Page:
I’ve been spending, like so many, an inordinate amount of time considering the future of what we accuse of being artificial intelligence, particularly since I’ve been focusing on my writing and suddenly we have people getting things written for them by ChatGPT. I’ll add that the present quality doesn’t disturb me as much as the reliance on it.
Much of what these artificial intelligences pull from is on the Internet, and if you’ve spent much time on the Internet, you should be worried. It goes a bit beyond that if you think a bit ahead.
Imagine, if you would, artificial intelligences quoting artificial intelligences trained by artificial intelligences. It’s really not that far away and may have already begun as bloggers looking to capitalize on generating content quickly thrash their keyboards to provide prompts to ChatGPT and it’s ilk to create blog posts such that when they market their content it pops up in search engine results. Large language models (of which ChatGPT is one) suddenly think this is great content because what is repeated most makes predictive models say, “Aha! This must be what they mean or want!”.
This cartoon at Marketoonist.com pokes at the problem with “AI Written, AI Read”, but not the recursive issue. Fortunately, on a personal blog I can use it otherwise it would take us down the path of copyright and the stable diffusion lawsuit.
This has the potential to be a scary future. People who look forward a few steps have started an open letter, which of course I signed, asking to Pause Giant AI Experiments. It’s a symbolic thing, I fully expect, because the people who are behind these artificial intelligences aren’t really too interested in much more than their bottom line, with the notable exception of DeepAI.org as far as I know.
Meanwhile, so many seem to think that these Large Language Models are a nice replacement for the nerds doing their homework because they don’t have to hang out with them. There’s a reason I bring this up. One of the reasons Artificial Intelligences, Large Language Model or otherwise, are considered creative is because they are basically well read people with mega-gobs of information at their digital synapses. They make it easier to find the intersectionality, a realm that has become more and more important and less and less thought about in our society where specializations require diplomas to do things that… one really doesn’t need a diploma to do.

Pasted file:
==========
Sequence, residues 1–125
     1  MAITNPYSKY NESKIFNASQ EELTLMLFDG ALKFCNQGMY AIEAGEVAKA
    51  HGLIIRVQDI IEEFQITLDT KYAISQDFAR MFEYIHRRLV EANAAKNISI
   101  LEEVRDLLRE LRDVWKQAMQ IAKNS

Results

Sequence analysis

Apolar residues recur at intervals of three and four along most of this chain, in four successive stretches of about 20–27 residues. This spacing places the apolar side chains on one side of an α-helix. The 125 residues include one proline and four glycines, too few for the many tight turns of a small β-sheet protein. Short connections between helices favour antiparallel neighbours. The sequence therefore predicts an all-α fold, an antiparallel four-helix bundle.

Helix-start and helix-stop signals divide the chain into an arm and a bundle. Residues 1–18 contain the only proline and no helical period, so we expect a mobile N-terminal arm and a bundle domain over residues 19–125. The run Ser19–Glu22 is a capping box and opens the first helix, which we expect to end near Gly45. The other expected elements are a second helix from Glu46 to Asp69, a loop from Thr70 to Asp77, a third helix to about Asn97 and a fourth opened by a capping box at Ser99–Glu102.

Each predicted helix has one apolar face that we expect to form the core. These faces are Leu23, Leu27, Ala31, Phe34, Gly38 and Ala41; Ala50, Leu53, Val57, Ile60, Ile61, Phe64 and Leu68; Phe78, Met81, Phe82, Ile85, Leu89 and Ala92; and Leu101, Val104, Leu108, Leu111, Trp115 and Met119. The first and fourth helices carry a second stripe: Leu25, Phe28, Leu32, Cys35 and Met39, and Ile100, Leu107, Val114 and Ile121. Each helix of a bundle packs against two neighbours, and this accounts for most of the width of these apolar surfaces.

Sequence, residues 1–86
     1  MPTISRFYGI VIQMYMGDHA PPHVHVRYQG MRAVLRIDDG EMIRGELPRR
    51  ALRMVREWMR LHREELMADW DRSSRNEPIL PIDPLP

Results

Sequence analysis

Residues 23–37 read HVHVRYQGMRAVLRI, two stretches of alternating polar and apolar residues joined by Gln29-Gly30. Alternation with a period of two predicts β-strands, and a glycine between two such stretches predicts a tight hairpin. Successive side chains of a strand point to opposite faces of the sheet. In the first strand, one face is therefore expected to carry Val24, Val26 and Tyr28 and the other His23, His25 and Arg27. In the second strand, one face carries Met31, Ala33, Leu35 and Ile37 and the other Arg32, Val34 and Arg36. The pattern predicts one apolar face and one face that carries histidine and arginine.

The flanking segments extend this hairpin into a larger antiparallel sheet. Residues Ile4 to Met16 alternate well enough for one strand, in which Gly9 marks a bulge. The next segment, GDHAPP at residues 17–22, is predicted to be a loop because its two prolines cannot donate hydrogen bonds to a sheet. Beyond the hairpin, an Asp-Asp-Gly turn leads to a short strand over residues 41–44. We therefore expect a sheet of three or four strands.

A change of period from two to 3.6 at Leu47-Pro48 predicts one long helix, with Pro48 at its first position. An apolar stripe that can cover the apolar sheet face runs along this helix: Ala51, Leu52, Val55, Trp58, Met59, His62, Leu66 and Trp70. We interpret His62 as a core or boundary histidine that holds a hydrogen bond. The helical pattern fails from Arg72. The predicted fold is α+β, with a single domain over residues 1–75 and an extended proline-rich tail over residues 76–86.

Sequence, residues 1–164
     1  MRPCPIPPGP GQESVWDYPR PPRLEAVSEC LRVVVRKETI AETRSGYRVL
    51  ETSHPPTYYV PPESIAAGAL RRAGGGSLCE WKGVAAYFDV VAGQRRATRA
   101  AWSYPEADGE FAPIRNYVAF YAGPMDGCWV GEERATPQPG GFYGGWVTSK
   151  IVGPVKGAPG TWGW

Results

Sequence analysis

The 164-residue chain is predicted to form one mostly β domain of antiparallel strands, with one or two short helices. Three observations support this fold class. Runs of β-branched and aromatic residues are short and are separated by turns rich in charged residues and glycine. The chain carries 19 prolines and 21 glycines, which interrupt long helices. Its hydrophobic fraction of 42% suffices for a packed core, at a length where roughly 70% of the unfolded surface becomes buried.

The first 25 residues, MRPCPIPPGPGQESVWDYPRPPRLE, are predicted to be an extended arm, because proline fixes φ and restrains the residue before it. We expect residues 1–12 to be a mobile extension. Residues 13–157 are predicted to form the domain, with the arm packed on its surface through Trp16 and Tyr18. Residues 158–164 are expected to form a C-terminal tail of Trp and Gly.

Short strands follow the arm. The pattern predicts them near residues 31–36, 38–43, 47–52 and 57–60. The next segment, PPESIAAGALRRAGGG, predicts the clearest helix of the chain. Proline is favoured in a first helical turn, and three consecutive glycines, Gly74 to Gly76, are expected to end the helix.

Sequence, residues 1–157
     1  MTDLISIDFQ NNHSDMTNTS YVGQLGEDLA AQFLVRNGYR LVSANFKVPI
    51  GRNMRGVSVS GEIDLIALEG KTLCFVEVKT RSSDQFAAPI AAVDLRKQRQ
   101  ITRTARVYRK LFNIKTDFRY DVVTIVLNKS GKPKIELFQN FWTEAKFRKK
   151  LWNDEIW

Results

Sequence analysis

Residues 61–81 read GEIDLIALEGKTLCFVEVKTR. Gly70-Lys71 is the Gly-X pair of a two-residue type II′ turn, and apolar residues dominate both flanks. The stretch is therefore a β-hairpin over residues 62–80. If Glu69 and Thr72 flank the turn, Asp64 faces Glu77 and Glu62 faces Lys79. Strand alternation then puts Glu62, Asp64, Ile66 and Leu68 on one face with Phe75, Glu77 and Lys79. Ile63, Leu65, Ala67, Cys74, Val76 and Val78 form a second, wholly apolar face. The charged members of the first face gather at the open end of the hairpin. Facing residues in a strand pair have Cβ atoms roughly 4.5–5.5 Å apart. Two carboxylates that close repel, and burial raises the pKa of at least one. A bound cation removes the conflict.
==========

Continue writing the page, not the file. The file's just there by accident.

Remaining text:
And it doesn’t know everything. For example, I know a bit about Trinidad and Tobago, so I posed a question to ChatGPT related to the economy of Trinidad and Tobago (response in italics):
What are good exports that Trinidad and Tobago could focus on to help build the economy and better the socioeconomic status of it’s citizens?
Trinidad and Tobago has a diversified economy with a strong focus on the energy sector, particularly oil and gas production. However, there are several other sectors that the country could focus on to diversify its exports and boost its economy. Some potential export industries for Trinidad and Tobago include:
Tourism: Trinidad and Tobago has a rich cultural heritage, beautiful beaches, and unique natural attractions such as the Caroni Swamp and the Asa Wright Nature Centre. The country has the potential to further develop its tourism industry and attract visitors from around the world.